Pamela Dutkiewicz wins the 100m hurdles at the European Team Championships in Lille (Getty Images) © Copyright
Report Lille, France

Germany wins European Team Championships

At the top of the team standings after the second day, Germany confirmed their domination to clinch the title at the European Team Championships, which concluded on Sunday (25) in Lille, France.

It was the third time Germany had clinched the title since the event’s new format in 2009. Germany tallied 321.5 points, 26.5 more than Poland (295) with home nations France third with a tally of 270.

Following a strong Saturday, the German squad continued with their consistency across a range of events to increase their gap over the other nations.

Pamela Dutkiewicz was one of five German winners on the final day of action. The European indoor bronze medallist defeated world bronze medallist Alina Talay of Belarus and Ukraine’s Hanna Plotitsyna to win the 100m hurdles in 12.75.

Just minutes later, heptathlon specialist Claudia Salman-Rath long jumped 6.66m to add another victory for the German team.

Following her recent PB of 3:59.30, rising star Konstanze Klosterhalfen was the pre-race favourite for the 1500m. With two laps remaining, the two-time European U20 cross-country champion made her move to break up the field. She then extended her lead, covering the final two laps in 2:02:34 to win comfortably in 4:09:57, almost three seconds clear of European champion Angelika Cichocka of Poland, who clocked 4:12.16.

Germany’s fourth victory of the day came from Max Hess in the triple jump. The European champion equalled his season’s best of 17.02m.

Following a fourth-place finish over 1500m on Saturday, Mahiedine Mekhissi-Benabbad of France returned to action in the 3000m steeplechase, his specialty. Well-placed in the lead pack almost all through the race, he decided to take command at the bell. Only Spaniard Sebastian Martos managed to hang on to the three-time Olympic medallist, but eventually couldn’t respond to Mekhissi-Benabbad’s last move over the homestretch. The European champion clocked a 59.93 final lap to win in 8:26.71, nearly a second clear of Martos (8:27.46), with Poland’s Krystian Zalewski third in 8:33.02.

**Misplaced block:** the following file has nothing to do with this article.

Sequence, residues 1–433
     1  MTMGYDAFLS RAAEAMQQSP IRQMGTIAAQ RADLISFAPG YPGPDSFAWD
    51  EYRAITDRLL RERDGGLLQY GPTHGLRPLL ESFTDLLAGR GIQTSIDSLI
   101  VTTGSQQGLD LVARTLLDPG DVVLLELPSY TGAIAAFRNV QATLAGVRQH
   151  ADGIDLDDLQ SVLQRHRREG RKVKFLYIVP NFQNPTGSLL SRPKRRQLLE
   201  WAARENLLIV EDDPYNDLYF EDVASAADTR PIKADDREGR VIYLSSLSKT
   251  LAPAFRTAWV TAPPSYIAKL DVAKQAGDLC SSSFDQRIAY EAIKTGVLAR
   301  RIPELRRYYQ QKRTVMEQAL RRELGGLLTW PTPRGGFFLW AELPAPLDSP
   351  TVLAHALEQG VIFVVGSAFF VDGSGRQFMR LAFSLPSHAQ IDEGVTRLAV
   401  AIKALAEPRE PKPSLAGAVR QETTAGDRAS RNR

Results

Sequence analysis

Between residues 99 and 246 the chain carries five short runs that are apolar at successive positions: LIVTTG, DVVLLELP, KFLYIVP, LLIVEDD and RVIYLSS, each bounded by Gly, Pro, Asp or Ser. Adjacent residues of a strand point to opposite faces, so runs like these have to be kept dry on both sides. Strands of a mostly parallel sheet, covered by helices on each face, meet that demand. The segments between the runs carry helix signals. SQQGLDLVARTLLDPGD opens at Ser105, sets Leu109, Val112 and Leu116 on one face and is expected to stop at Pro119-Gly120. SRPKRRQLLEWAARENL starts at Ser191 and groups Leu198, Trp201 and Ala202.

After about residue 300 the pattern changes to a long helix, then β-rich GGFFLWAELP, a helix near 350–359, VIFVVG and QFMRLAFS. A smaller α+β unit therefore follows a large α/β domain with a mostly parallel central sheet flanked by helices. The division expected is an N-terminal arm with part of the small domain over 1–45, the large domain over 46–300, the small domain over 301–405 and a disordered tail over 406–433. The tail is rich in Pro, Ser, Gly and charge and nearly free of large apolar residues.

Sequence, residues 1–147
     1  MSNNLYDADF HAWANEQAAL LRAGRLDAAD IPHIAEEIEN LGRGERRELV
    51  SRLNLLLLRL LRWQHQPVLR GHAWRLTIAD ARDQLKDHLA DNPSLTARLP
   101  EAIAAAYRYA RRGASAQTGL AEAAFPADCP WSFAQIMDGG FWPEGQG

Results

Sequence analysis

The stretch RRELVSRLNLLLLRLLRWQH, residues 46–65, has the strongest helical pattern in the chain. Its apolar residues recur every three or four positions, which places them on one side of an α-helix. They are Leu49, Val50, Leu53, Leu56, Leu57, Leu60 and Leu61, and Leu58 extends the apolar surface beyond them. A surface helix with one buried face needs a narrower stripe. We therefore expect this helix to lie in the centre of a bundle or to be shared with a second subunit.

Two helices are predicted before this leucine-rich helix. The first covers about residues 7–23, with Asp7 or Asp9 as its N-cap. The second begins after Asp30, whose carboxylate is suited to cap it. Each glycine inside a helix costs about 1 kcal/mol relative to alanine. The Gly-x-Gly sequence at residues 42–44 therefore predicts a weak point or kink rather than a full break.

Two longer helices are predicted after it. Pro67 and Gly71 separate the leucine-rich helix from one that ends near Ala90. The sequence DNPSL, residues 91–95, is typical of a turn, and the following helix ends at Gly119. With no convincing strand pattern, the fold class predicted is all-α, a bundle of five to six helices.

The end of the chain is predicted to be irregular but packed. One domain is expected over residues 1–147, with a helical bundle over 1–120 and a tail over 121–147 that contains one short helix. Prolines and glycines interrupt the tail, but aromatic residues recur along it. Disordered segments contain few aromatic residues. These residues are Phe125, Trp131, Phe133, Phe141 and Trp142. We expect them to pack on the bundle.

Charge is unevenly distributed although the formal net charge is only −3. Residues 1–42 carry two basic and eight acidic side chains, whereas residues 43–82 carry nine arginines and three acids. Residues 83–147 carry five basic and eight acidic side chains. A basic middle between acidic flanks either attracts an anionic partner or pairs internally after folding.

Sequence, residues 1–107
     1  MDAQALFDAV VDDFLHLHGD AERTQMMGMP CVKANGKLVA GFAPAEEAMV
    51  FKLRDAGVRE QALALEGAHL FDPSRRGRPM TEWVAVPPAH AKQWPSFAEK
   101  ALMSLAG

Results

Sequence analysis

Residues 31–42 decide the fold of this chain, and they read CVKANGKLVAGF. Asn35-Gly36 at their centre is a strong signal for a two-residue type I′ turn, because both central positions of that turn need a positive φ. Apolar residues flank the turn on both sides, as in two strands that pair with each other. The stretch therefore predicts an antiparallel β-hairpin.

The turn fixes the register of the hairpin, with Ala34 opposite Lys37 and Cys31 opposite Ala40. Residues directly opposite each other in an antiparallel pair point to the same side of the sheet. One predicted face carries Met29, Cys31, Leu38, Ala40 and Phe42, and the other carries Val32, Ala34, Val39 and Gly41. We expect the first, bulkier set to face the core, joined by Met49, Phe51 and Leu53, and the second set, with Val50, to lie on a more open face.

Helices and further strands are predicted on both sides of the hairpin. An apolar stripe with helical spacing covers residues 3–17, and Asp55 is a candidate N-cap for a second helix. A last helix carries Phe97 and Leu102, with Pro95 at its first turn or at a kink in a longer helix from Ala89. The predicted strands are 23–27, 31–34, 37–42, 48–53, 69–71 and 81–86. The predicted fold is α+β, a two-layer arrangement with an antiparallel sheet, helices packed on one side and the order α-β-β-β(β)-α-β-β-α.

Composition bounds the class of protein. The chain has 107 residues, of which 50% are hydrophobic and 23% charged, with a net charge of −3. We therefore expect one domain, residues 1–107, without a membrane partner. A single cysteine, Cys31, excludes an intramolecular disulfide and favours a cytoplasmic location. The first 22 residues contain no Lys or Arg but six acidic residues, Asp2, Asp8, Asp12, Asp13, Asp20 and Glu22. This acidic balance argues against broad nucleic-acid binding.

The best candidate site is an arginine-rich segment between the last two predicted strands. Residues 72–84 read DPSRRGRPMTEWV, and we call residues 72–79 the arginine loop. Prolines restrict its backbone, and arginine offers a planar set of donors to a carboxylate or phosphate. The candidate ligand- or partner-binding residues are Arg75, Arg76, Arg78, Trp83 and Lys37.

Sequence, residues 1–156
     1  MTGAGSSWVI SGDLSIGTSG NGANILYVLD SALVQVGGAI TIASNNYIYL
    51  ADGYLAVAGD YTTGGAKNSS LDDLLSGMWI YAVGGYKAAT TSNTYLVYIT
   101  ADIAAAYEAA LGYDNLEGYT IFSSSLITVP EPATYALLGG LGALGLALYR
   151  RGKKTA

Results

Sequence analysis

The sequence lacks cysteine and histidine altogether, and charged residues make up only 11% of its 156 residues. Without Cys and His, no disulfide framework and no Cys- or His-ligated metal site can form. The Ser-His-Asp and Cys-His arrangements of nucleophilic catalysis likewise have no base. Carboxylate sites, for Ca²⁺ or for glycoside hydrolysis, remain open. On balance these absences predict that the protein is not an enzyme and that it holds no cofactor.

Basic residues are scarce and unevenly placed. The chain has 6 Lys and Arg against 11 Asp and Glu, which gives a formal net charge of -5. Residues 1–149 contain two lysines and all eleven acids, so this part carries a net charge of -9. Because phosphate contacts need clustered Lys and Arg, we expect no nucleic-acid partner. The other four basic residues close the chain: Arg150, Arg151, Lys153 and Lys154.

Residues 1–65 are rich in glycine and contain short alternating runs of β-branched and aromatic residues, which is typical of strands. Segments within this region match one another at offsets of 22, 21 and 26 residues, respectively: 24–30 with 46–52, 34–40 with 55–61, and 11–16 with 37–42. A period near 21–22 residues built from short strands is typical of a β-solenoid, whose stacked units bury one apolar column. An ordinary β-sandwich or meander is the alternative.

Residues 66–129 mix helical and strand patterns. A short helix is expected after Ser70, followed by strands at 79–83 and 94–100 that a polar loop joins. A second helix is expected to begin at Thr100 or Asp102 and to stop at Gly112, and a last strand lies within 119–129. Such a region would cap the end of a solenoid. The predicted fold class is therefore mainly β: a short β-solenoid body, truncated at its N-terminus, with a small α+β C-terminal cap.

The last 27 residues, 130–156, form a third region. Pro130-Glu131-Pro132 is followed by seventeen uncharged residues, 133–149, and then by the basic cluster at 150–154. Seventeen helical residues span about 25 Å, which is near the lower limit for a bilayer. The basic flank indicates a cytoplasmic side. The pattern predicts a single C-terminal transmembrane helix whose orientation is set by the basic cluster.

Kszczot disqualified

Poland’s world silver medallist Adam Kszczot was the favourite for the 800m, particularly in the absence of the injured Pierre-Ambroise Bosse, who was fourth at last year’s Olympics Games. The two-time European champion held off Thijmen Kuipers down the home straight to win with relative ease, but he was then disqualified for a lane infringement on the backstretch, leaving Kuipers to collect maximum points for the Netherlands and take the victory in 1:47.18.

Two-time world champion Pawel Fajdek of Poland prevailed in the hammer with a third-round effort of 78.29m. Pavel Bareisha of Belarus and Great Britain’s Nick Miller were second and third with 77.52m and 76.65m respectively.

Spaniard Orlando Ortega overcame a tricky start to clock a competition record of 13.20 in the 110m hurdles. Spain scored also maximum points in the women’s 5000m as Ana Lozano was a clear winner in 15:18.40.

The women’s high jump featured a close battle between Poland’s Kamila Lickwinko and Marie-Laurence Jungfleish of Germany. Both athletes reached season’s bests of 1.97m but Licwinko won on countback having cleared the bar at her first try, while Jungfleish only got over the bar at her last attempt.

European champion Tatsiana Khaladovich of Belarus took command of the women’s javelin with an opening round throw of 64.60m. Czech Barbara Spotakova responded with a second-round effort of 63.81m and bettered that mark two rounds later with a season’s best of 65.14m to take the victory.

France’s second individual victory of the day came from world record-holder Renaud Lavillenie. The Olympic silver medallist missed his first attempt at 5.55m before passing through the next round. He was then the only pole vaulter in the field to sail over 5.70m, also on his second attempt. He then cleared 5.80m on his first try and eventually missed three times at 5.91m, which would have been a European-leading performance.

“The conditions were tricky with a lot of wind,” said Lavillenie after his sixth win from seven appearances at this competition. “I am glad to win but I’m a bit frustrated with my first attempt at 5.91m.”

Germany had already secured the overall victory before the final event, the men’s 4x400m, but the third place in the overall standings was still all to play for as just three points separated Great Britain and France.

Thomas Jordier ran a strong second leg to give France the lead at half way in the A final with Britain in third. France eventually crossed the line in second place in 3:03.86 as Britain faded on the last leg, finishing seventh in 3:07.79. It meant that France took third place in the team standings by just one point.

The bottom two teams – Belarus and the Netherlands – will move down to the first league when the event is next held in 2019 in Bydgoszcz, Poland. The top three teams from this year's first league competition (which took place in Vaasa, Finland), namely Finland and Sweden, will be promoted to the super league.

Quentin Guillon for the IAAF